know nothing, nothing at all.

” He knows he’s where he was always meant to be, though, and he takes to the sea like a fish. “It seemed to me for one moment that unhappiness was a nonsense.” How quickly that glee evaporates. Birch finds inspiration from the same tale that captured Herman Mel-

pooners in action, the gory rendering of the world’s largest mammals and timber-splitting storms that crash down on the ship like giant ax blades. Even her monitor lizard seems capable of carrying the mantle of that deadly white whale. After all, a whale makes a great canvas on which Melville can project all

mad God and merciless nature.” For a new salty adventure across the watery part of the world, you won’t find a better passage than “Jamrach’s Menagerie.” Charles is The Post’s fiction editor. You can follow him on Twitter @RonCharles.


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and mystery.” In Le Clezio’s fictional universe, the world exists in a prelapsarian state of timeless grace, at least until the inevitably corrupt and destructive world of adults comes crashing in.





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elationship with in the timeof teens everyte to point out don’t have a clue Mikki tells him. Mom.” ters are packed o rival Baldacci’s urtroom drama! ans of Nicholas mmer diversion ges a good mes-

of “Skipping a of Me.”

J.M.G. Le Clezio was not widely read on these shores before winning the Nobel Prize in 2008, an honor that has caused renewed interest in translating his works for Americans. Mondo and Other Stories (Univ. of Nebraska Press; paperback, $19.95, translated from the French by Alison Anderson) makes it is easy to see why Le Clezio’s work would have difficulty reaching a wide audience in this country. These strange, hypnotic, overtly poetic pieces are unhampered by such shallow commercial contrivances as dialogue and plot. It takes time to adjust one’s mental clock to the slow rhythm of his surreal fables, which feature rolling, lush descriptions of the sun-drenched landscape of southern France. Most of the stories in “Mondo” are told from the point of view of young children, who exist here in a preverbal state of perfect synchronicity with nature. At times, this Rousseauian vision takes on a very nearly misanthropic tone. The wisest character of all is a goat named Hatrous, who “knew so many things, not the things you find in books that men like to talk about but silent, strong things, things full of beauty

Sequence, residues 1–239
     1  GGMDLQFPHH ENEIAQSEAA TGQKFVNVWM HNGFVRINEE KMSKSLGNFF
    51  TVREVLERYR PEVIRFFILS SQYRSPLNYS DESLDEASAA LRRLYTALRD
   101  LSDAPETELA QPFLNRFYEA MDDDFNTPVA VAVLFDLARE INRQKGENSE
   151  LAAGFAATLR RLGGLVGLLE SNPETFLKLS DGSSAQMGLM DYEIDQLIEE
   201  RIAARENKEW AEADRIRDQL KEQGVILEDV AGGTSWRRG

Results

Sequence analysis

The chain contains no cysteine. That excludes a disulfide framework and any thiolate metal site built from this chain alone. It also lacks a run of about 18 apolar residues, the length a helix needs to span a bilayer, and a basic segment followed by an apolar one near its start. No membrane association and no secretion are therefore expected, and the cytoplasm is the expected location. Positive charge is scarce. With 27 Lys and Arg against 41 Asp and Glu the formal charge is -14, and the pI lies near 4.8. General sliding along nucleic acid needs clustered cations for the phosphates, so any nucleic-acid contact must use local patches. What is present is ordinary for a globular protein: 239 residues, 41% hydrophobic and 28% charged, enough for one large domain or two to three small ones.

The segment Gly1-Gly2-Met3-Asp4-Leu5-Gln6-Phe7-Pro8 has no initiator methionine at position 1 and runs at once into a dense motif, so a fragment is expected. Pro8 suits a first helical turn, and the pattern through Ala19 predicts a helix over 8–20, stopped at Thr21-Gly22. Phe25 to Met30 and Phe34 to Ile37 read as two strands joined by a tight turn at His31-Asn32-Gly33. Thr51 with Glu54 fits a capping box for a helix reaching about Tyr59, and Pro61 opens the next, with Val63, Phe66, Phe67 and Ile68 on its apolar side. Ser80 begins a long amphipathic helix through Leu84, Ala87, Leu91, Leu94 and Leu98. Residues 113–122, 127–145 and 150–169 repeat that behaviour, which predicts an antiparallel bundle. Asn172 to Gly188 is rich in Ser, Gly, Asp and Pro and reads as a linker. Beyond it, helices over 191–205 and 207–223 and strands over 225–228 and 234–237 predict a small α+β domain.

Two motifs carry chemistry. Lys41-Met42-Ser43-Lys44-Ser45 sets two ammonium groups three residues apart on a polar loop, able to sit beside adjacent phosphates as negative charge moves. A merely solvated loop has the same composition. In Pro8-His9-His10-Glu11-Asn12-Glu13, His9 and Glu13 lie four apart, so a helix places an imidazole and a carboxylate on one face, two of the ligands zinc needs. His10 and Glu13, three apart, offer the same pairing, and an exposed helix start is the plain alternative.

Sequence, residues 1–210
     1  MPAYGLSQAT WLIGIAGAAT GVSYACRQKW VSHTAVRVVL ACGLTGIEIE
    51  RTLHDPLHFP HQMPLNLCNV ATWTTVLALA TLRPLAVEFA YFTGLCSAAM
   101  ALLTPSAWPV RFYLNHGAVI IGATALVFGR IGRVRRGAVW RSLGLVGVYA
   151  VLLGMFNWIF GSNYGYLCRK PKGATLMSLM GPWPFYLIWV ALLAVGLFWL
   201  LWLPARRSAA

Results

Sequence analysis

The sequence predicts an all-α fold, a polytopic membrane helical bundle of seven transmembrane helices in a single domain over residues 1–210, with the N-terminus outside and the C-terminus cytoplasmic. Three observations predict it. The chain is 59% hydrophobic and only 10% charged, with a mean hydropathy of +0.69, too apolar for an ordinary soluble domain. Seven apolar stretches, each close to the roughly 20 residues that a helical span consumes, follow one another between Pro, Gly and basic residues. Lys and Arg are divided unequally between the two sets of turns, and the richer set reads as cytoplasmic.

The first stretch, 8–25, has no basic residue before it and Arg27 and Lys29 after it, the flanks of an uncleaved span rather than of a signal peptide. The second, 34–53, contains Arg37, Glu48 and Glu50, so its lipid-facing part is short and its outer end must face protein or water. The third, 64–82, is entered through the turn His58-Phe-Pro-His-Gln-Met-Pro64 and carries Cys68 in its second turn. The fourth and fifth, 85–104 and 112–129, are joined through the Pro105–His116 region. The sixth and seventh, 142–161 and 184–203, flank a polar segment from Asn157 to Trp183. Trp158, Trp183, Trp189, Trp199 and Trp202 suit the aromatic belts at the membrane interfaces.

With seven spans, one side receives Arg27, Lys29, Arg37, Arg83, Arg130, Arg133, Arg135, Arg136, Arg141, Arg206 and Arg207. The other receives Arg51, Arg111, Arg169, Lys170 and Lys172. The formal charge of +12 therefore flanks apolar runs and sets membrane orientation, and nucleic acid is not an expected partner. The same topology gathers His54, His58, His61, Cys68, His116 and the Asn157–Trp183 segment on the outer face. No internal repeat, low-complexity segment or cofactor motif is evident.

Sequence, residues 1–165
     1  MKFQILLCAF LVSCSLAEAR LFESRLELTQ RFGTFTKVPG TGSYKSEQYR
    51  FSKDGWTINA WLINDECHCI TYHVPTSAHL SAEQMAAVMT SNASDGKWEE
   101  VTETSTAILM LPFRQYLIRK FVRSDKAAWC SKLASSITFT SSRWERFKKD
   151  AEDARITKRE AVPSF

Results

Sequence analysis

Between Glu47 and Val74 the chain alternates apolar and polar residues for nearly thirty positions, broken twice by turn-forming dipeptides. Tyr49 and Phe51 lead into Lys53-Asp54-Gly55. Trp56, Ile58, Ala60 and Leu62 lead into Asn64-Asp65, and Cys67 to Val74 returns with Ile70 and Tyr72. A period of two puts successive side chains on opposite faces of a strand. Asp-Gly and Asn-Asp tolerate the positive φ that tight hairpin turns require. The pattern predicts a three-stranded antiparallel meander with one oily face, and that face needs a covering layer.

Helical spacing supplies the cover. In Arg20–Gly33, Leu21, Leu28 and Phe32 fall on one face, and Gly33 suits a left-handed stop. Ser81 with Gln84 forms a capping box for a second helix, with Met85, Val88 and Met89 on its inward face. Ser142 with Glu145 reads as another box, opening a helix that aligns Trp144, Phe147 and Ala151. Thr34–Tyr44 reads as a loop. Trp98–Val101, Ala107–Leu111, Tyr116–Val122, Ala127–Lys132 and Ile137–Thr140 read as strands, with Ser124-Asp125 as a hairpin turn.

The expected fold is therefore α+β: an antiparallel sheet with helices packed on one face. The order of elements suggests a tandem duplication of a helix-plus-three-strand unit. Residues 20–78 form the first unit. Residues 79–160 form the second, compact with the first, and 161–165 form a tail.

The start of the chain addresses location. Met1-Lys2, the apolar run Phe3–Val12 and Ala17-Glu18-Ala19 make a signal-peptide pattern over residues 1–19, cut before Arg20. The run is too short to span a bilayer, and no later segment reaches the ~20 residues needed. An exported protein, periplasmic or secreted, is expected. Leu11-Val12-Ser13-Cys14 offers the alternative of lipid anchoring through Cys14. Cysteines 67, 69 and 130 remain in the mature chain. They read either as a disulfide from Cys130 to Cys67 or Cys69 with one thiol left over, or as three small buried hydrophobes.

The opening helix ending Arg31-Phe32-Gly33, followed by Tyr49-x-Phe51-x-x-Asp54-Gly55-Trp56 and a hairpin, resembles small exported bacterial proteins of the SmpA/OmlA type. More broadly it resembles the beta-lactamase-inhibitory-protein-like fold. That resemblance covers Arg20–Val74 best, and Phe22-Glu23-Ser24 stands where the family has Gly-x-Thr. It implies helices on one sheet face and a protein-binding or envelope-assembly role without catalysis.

Roddy Doyle’s world, typically, is pretty much all destructive adults, all the time. Doyle, who took the Booker Prize in 1993 for “Paddy Clarke Ha Ha Ha,” has been a gifted chronicler of working-class Irish life, with all of its attendant ugliness, conflict and moments of unexpected beauty. The stories in Bullfighting (Viking, $25.95), however, represent a step sideways at best. Doyle has always had an eye for heartbreaking detail and an ear for blunt, colloquial, often profane rhythms of everyday speech and thought. The problem with these most recent stories is that the scope of his imagination has narrowed to a claustrophobic slice of the human experience. All of the stories in “Bullfighting” are narrated by men who have found themselves stranded in the wasteland of late middle age — “his memories were wearing out,” says one, “and there was nothing new replacing them.” Although Doyle replicates their voices, full of regret and rage and wistfulness, with effortless accuracy, their stunted emotional range does not yield a richly varied experience for the reader. Even the weightier stories, such as “Funerals,” with its hint of buried scandal, and the title story, which depicts a rare moment of unforced male camaraderie, occupy an oddly muted register.

Doyle’s protagonists, however taciturn, are gushing fonts of sentimentality compared with the buttoned-up Englishmen who inhabit Julian Barnes’s Pulse (Knopf, $25). The narrator of the title story, for example, facing the death of a parent, observes that “the bigger the matter, the less there is to say,” a dictum that receives its corollary expression in the quartet of stories titled “At Phil & Joanna’s.” The cosmopolitan couples whose after-dinner conversation makes up these alldialogue sketches are so outrageously witty and suave that one’s jaw drops in anthropological wonder; rarely outside of Oscar Wilde does one encounter such a torrent of perfectly phrased epigrams. Elsewhere, Barnes gives us a pair of historical fiction set pieces, one of which — “The Limner” — is very nearly perfect. “Pulse” is rounded out with a handful of character studies whose narrators, feckless in love and hamstrung by diffidence, contend as best they can with the small humiliations, missed connections and clumsy attempts at intimacy that characterize modern life. One of these men speaks of the fleeting moment when “life was poised to lurch irretrievably in one direction or another,” providing a rare “chance to see clearly before being flung into the full business of being yourself among others.” That “chance to see” — that pause, full of momentary grace — is exactly what these wry, urbane stories offer. Lindgren is a writer and musician who lives in New York City.


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